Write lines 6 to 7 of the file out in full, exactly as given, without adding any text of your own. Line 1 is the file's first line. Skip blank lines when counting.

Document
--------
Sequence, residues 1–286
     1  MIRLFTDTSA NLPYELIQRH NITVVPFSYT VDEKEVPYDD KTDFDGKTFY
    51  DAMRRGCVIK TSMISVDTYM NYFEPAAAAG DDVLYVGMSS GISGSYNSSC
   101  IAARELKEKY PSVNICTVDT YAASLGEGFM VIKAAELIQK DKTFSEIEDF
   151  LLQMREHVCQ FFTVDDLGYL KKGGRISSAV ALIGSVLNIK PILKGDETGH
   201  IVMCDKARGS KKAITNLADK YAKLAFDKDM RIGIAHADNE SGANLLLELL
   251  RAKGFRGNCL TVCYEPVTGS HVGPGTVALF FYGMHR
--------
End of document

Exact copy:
   201  IVMCDKARGS KKAITNLADK YAKLAFDKDM RIGIAHADNE SGANLLLELL
   251  RAKGFRGNCL TVCYEPVTGS HVGPGTVALF FYGMHR